Tobogganing with a smile on their face, whipping around like they’ve been bitten, chewing the tail, licking incessantly – we've all seen the tasteful things they get up to.

Traditionally assumed to mean the dog needed worming, in reality there is often a different explanation.

Several ailments can trigger intense activity around the tail base/ bottom/ back legs.

The two most common are anal gland problems and flea issues.

Dogs (and cats) have two anal glands – one each side of the anus. Their job is to empty onto the faeces, as a scenting mechanism. They are a modification of the skunk and hyaena organs – the skunk fires them at will, and the hyaena deposits deliberately on plants. Giving a dog a massive fright may stimulate mimicry of the skunk... generally, though, the action of defaecation is the usual mechanisim for emptying them out. If they fail to empty properly, inevitably they start to fill up. Once uncomfortably full, the dog attempts to fix the problem by dragging his (or her) bottom across the floor (especially with guests, on a cream carpet). The leaving behind of a fishy streak confirms relief has been achieved... The next stop is usually the vet, to get them emptied.

Reasons for filling include the dog having soft poo that doesn’t squeeze the glands enough, infection in the gland, the opening (duct) of the gland getting blocked, or (rarely, and associated particularly with cocker spaniels and labradors) an anal gland tumour developing.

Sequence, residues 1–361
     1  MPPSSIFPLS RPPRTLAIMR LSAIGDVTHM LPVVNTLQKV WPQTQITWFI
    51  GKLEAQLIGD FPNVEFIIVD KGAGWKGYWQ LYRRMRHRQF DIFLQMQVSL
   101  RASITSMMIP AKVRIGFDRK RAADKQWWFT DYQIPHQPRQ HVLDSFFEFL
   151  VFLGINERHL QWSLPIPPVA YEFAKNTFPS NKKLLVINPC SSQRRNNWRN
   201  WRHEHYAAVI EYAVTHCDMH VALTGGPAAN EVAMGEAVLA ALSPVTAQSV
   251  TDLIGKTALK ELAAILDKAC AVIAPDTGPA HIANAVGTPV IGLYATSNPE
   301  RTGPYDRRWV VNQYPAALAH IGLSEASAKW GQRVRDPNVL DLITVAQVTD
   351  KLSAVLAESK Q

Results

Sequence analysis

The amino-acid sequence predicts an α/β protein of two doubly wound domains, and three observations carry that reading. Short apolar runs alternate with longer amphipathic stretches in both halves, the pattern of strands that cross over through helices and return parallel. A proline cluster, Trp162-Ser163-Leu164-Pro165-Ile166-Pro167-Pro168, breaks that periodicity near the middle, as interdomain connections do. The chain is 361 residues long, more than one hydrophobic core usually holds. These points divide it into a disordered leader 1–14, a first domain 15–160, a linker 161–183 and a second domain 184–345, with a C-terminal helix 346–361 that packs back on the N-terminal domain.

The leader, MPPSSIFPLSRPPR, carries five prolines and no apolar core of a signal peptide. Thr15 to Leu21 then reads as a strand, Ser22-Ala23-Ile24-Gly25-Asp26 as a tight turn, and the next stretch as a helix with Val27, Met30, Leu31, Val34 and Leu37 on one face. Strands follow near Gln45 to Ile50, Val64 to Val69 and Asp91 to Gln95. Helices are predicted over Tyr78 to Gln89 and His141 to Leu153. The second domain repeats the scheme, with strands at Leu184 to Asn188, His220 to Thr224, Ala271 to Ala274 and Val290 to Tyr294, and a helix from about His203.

Some dogs never have a problem, others need human assistance every few weeks. Adding fibre to the diet (or even, for some dogs, bones - caution) can be helpful for a good proportion. Infections can be straightforward to shift, or a total nightmare. Sometimes, infection progresses to abscesses – these can be excruciatingly painful. The more that infections and abscesses occur, the more scarring and reduction of normal function there is. The ultimate tool is to surgically remove the gland. I performed removal, three weeks ago, of a gland that had suffered haemorrhagic (bloody) infections for two years. Incredibly, I found a grass seed inside the gland. The dog is reportedly brighter than she has been in years. Believe it or not, that 1.5cm long seed was not palpable.

Those who chew around their bums or down their back legs/feet may have full anal glands, but it can also be a sign of flea infestation or allergy. With an allergy, the dog only needs a couple of bites from a hitch hiker flea to set off a reaction. At the moment, I am frequently seeing itchy-rump dogs. Many owners do not know that 95 percent of any flea problem is in the house, in the form of eggs and babies. A lady flea can lay 40 eggs per day, and the larvae can survive for a year in the nooks and crannies of a house...

If fleas, anal glands, and worms have been ruled out, and your dog is still beside itself, it is worth considering anitis. An uncommon condition, the name literally means inflamed anus, and this can be observed by a keen-eyed vet peering inside the anus. It can be caused by food allergy – I have seen two of these in 18 years. One was cured by removal of chicken from the diet, and the other by feeding a highly specialised hydrolysed diet.

I promise that the next article will be less gross!

For further advice or information, please contact 124 Vet by calling 282 338 407, or email